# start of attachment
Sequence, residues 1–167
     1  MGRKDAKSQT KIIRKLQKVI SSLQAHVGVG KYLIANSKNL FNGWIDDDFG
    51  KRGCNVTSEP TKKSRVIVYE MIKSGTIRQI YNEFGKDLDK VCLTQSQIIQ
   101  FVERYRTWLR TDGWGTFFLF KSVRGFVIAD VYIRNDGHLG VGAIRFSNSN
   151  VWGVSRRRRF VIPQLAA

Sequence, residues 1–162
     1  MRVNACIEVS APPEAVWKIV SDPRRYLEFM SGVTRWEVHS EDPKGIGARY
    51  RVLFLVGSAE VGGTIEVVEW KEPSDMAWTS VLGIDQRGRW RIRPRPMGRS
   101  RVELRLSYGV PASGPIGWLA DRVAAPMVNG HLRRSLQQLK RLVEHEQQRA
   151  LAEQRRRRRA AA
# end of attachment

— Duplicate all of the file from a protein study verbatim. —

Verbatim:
Sequence, residues 1–167
     1  MGRKDAKSQT KIIRKLQKVI SSLQAHVGVG KYLIANSKNL FNGWIDDDFG
    51  KRGCNVTSEP TKKSRVIVYE MIKSGTIRQI YNEFGKDLDK VCLTQSQIIQ
   101  FVERYRTWLR TDGWGTFFLF KSVRGFVIAD VYIRNDGHLG VGAIRFSNSN
   151  VWGVSRRRRF VIPQLAA

Sequence, residues 1–162
     1  MRVNACIEVS APPEAVWKIV SDPRRYLEFM SGVTRWEVHS EDPKGIGARY
    51  RVLFLVGSAE VGGTIEVVEW KEPSDMAWTS VLGIDQRGRW RIRPRPMGRS
   101  RVELRLSYGV PASGPIGWLA DRVAAPMVNG HLRRSLQQLK RLVEHEQQRA
   151  LAEQRRRRRA AA